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Green Salamander (Aneides aeneus) Egg Development

SalamanderAlan

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This last summer I monitored about 25 Green Salamander (Aneides aeneus) egg nests in a western North Carolina state park. Usually, Greens lay their eggs two or more inches inside a rock crevice making observation fairly easy but photography difficult to impossible. But this year on June 13 I found a gravid female in a very shallow crevice; in fact the crevice was so shallow that I did not believe that she would lay there. The liability of laying eggs so close to the rock face is that passing predators can easily see the white eggs, and so nests of this type rarely survive. But this female stayed there and a week later on June 21 she laid her clutch of at least 19 eggs. This nest rock was in a rhododendron tangle so I thought that it did have some chance of not being seen by predators. I visited the site every 2-3 days to take pictures as the eggs developed and they successfully hatched 80 days later on September 6. The typical incubation period for Greens in my area is 78 days.

Below is a series of photos of the nesting from the time the female was first seen to after the eggs had hatched. These photos clearly show how the Green's eggs develop.

My photography also showed that eggs occasionally disappear from Green nests. We have long suspected that female Greens can sense the health of the eggs and will remove, by eating, dead or diseased eggs, and one of this female's eggs did disappear during the incubation period.

Female Greens are also able to protect their eggs from being engulfed in wild fungus. We believe she does this by rubbing some secretion from glands on her head onto the eggs. Egg nests abandoned by the female will have a thick fungus growth in about three days after abandonment.

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Azhael

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Those are some absolutely gorgeous pictures! Thank you so much for sharing them with us!
You are very lucky to be able to observe this in nature consistently :)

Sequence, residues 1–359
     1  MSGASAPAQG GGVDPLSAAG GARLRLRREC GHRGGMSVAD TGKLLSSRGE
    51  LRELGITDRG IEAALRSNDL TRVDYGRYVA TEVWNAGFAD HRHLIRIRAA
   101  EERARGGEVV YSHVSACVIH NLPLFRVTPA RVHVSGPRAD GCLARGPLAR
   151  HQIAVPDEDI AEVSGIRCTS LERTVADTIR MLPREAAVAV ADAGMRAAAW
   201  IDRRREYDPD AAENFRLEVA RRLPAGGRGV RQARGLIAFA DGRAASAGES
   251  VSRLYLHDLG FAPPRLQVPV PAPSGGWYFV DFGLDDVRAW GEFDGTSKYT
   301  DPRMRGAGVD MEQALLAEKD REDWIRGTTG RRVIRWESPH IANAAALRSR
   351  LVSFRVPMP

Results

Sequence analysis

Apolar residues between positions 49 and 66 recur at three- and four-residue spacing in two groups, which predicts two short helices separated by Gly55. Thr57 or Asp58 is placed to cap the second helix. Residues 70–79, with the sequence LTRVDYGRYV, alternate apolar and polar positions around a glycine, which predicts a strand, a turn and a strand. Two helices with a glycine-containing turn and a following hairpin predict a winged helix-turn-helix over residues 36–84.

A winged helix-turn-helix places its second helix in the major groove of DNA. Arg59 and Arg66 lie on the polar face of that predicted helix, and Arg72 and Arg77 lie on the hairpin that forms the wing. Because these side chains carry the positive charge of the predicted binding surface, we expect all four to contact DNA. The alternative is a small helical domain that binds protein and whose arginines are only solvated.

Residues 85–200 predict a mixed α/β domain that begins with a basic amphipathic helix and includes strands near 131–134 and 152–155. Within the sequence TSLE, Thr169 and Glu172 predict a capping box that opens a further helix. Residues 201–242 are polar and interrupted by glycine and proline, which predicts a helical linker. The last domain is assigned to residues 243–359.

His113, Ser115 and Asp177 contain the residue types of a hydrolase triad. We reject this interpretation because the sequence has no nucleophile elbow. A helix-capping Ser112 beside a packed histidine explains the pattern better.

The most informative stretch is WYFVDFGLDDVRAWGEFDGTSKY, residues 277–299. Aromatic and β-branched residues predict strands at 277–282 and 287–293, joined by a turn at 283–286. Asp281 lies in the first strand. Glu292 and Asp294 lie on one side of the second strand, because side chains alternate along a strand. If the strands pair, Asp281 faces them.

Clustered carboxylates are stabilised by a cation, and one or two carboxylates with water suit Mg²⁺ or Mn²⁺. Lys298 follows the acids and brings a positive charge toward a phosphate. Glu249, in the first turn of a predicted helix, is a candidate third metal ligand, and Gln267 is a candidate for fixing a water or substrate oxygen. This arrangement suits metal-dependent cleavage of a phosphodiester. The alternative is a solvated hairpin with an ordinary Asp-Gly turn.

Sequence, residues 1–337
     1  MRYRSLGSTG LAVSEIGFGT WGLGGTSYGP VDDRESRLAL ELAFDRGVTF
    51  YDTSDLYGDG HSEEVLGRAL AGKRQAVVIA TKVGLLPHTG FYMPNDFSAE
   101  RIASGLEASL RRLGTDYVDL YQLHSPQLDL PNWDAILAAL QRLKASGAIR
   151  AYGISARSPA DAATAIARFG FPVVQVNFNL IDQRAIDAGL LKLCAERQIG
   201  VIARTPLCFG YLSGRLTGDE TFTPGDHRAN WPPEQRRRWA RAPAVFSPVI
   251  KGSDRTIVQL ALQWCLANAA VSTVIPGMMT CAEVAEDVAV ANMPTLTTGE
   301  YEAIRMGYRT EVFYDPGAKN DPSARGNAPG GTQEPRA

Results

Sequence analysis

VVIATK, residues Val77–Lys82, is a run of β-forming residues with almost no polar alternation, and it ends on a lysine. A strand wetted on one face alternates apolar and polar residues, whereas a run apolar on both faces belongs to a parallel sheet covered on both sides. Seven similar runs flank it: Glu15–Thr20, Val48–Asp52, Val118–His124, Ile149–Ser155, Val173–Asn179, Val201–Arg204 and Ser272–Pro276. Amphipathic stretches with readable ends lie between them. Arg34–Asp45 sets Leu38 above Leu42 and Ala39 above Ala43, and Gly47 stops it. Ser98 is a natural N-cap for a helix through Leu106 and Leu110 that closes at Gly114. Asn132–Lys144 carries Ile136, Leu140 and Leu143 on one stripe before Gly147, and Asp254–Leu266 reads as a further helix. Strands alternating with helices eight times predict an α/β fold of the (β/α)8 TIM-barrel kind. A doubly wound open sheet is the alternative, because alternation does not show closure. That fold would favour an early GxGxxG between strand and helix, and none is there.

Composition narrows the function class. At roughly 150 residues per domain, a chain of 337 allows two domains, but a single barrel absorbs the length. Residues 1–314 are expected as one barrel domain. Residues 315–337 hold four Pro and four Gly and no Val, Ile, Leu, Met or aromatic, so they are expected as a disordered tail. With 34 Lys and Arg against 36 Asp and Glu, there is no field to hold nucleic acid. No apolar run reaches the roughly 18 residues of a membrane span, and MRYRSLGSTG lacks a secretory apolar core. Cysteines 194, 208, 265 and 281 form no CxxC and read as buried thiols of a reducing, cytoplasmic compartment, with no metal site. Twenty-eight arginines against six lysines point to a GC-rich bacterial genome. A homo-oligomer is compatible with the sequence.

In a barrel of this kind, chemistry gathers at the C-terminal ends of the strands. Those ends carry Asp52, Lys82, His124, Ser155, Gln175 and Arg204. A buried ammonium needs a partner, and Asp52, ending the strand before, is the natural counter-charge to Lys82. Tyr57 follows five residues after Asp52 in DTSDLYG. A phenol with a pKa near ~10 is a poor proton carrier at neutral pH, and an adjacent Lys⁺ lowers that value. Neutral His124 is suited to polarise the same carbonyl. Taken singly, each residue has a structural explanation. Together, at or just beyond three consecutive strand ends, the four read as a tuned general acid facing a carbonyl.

elKendo97

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It is good news to know that this species can breed in captivity, it is very interesting.

I would like see some photos of the setup where you keep.

Greetings.
 

Bellabelloo

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elKendo97 , these are not captive bred, but photographed in situ in their natural environment. Stunning photo's.
 

elKendo97

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I know, but from what I've read in some book this salamander has been bred in captivity only rarely, to what I was referring is that it would be spectacular to see captive breeding.

Sorry, I think I misunderstood the text lol.
 

SalamanderAlan

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ElKendo97, Julia is absolutely correct. This was not a captive breeding at all but was a nest found in the wild. In North Carolina these salamanders are listed as 'endangered' so it would be very much against the law to have one in captivity.
 

Aneides Aeneus

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Wonderful photos - those are some extremely cute juveniles! It is really neat to be able to see the stages of development chronologically in your photos; I don't think I've seen such a good documentation of it anywhere on the internet or in books. Thanks so much for sharing!

-Ananth
 
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